Rex José Manuel Prieto (trans. Esther Allen). Grove. 288 pp, $24.00.
José Manuel Prieto’s Rex is the third installment in a trilogy (along with Enciclopedia de una vida en Rusia, which is not yet available in English, and Nocturnal Butterflies of the Russian Empire) following the Cuban born protagonist and narrator “J.” After various adventures in the former Soviet Union following the fall of communism in the first two books—including a stint as smuggler and hunter of rare butterflies—J. is hired in Rex to tutor the son of a wealthy Russian family on Spain’s Costa del Sol.
J. serves for a short time in this peculiar household—made up of a husband and wife, Vasily and Nelly, their son, Petya, and a mysterious fourth figure, Batyk—and then learns that the family acquired its wealth selling fake diamonds (manufactured by Vasily himself) and that they are now in hiding after passing the fabricated jewels off to Russian mobsters, who soon realized the deception. Unsure whether to remain with the family and possibly get rich or flee to safety, J. becomes caught up in an improbable plan to solve the family’s problems by making Vasily emperor of Russia, based on the dubious claim that he descends from Russian nobility. While this could be the plot of a thriller, Prieto tells a quite different story in Rex—an insular, digressive, brilliant meditation on the relationship of art to life.
Rex‘s narrative structure—consisting of twelve “commentaries” written some time after the events have occurred, and addressed to J.’s former student Petya—offers an initial clue that it is not a straightforward novel. As becomes evident, J. is not really concerned with relating what has happened. Rather, he seizes upon the events as a series of “teaching moments,” ostensibly to instruct Petya, but, one suspects, really intended as a way for J. to come to terms with the trajectory his life has taken. By telling the story in a series of more or less private communications (readers of Nocturnal Butterflies of the Russian Empire will recall that book’s running theme of epistolarity), Prieto places the reader, as it were, on the outside, left to reconstruct what has happened from J.’s fragmented, digressive, and allusive version of it. More importantly, this oblique narrative mode makes Rex less about plot than about J. himself, who turns out to be a fascinatingly unreliable narrator.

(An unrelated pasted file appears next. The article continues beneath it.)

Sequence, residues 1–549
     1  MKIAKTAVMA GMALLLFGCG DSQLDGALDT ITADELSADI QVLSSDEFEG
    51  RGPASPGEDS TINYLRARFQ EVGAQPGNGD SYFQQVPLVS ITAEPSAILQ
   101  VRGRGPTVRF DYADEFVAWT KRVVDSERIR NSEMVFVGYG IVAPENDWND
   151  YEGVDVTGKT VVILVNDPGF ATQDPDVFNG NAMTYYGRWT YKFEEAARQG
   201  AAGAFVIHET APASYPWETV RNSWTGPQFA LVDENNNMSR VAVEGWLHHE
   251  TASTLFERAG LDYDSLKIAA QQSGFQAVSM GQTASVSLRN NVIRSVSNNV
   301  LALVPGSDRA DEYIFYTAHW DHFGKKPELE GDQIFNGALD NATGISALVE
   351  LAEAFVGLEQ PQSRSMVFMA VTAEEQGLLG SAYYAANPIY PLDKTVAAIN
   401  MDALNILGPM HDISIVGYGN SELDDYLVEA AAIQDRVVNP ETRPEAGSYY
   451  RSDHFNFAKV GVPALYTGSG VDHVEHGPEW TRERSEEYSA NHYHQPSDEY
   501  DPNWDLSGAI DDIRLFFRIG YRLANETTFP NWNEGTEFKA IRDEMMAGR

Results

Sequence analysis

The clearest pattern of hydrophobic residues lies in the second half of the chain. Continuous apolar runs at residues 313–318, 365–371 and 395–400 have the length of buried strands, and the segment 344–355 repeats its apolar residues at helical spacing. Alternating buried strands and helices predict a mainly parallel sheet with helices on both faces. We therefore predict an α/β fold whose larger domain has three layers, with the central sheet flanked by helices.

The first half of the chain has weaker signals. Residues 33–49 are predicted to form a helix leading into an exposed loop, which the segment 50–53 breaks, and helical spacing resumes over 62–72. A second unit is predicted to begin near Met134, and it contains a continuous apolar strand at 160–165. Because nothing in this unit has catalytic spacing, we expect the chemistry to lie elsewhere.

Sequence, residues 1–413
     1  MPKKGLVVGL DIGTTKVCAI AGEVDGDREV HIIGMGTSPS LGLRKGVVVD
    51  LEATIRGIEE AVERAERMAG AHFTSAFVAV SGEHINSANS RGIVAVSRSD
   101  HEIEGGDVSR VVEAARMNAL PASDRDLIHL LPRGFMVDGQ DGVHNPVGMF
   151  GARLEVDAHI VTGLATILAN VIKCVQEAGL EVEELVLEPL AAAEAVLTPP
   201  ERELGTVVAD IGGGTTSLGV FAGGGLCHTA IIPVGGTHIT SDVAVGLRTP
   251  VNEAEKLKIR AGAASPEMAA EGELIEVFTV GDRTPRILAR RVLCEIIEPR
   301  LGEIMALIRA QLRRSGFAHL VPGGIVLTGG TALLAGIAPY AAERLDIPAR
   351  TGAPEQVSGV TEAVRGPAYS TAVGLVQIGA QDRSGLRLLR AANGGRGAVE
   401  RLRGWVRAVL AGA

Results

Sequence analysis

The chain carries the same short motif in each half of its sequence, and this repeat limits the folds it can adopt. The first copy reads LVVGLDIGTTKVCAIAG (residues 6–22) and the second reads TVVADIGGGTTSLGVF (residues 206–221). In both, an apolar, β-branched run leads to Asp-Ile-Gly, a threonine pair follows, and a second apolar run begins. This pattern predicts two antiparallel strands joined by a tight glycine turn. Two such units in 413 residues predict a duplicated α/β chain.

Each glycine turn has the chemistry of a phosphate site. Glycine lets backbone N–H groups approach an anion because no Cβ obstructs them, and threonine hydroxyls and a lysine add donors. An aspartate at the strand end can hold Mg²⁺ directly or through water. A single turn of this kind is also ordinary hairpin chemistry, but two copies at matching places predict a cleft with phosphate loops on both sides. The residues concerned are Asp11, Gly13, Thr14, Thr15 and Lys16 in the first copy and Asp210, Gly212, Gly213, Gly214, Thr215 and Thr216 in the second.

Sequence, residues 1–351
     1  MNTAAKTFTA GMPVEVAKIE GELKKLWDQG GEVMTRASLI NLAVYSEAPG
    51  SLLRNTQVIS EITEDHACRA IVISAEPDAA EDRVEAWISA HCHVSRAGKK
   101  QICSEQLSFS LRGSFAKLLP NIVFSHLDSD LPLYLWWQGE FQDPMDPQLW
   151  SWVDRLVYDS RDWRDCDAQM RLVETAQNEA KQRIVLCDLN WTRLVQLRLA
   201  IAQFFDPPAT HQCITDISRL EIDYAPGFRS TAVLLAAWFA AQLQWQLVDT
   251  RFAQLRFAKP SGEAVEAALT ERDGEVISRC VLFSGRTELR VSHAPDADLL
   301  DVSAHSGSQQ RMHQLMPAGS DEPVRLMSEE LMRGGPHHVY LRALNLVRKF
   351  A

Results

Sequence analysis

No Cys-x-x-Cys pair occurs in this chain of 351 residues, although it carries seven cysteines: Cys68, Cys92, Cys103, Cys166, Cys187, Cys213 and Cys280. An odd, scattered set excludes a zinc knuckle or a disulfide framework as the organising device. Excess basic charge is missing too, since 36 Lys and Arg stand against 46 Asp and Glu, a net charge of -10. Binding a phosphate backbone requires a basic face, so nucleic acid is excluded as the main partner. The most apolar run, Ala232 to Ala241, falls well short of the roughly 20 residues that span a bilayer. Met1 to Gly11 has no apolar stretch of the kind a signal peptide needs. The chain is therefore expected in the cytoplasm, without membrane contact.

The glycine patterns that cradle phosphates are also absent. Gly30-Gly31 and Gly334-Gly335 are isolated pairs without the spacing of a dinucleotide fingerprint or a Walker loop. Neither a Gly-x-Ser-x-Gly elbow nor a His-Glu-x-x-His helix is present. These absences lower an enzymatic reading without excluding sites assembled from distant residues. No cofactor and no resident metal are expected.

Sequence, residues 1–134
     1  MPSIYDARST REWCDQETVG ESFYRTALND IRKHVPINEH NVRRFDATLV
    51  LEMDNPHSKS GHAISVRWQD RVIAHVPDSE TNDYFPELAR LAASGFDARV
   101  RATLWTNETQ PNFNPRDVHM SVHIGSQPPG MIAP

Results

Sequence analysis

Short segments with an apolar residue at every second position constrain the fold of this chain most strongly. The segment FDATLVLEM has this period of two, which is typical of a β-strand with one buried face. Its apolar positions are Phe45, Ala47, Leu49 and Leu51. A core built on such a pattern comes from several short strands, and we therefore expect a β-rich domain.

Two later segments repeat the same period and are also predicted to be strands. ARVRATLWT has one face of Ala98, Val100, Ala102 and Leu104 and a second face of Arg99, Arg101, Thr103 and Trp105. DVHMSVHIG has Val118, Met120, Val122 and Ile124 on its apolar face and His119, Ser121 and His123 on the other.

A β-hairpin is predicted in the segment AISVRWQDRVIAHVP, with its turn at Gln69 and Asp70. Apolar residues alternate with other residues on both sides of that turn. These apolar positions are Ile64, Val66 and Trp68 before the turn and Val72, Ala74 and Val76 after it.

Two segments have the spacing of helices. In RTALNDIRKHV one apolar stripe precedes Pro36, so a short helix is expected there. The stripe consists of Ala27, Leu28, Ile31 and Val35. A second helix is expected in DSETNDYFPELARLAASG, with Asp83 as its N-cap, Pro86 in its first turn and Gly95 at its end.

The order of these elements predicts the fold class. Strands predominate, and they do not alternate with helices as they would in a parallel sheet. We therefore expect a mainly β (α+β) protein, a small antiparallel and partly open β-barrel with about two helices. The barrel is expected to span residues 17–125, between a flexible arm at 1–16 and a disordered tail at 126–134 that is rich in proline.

The book’s opening lines hint at J’s peculiar form of literary madness:
I’ve been reading it for years, the one Book. Over and over without stopping. Beginning again whenever I reach the final description of the vast party, the inaugural ball, returning immediately to the first words when he’s dozing off in the house in Combray and dreams of stopping time in its tracks, solidifying it.
The obsession J. reveals here with Proust’s À la recherche du temps perdu is not merely a private preoccupation, however. As he explains to his bewildered employers, all of the subjects in which he will tutor Petya—Spanish, mathematics, geography, physics—can be derived from “the Book.” Nor is J.’s fascination with Proust merely pedagogical. It turns out to be part of a broader aesthetic-metaphysical worldview. While Proust, as “the Writer,” seems to represent a kind of organic, primal creativity, his Manichean opposite appears in “the Commentator,” who produces perfect literary machines “devoid of human warmth.”
While J.’s devotion to “the Book” is manifestly unhinged even from the beginning (and it surely provides an initial sense of his skewed relationship to “real life”), it at least seems comprehensible as the manifestation of a young man’s devotion to one of the giants of modern literature. As the novel progresses, however, details accrue which throw the identity of “the Writer” and the meaning of “the Book” into question. Imagining Vasily standing outside a jeweler’s shop, pondering whether to go in and attempt to sell his fake diamonds, J. presents the following image, while also exhibiting his penchant for fragmentary sentences: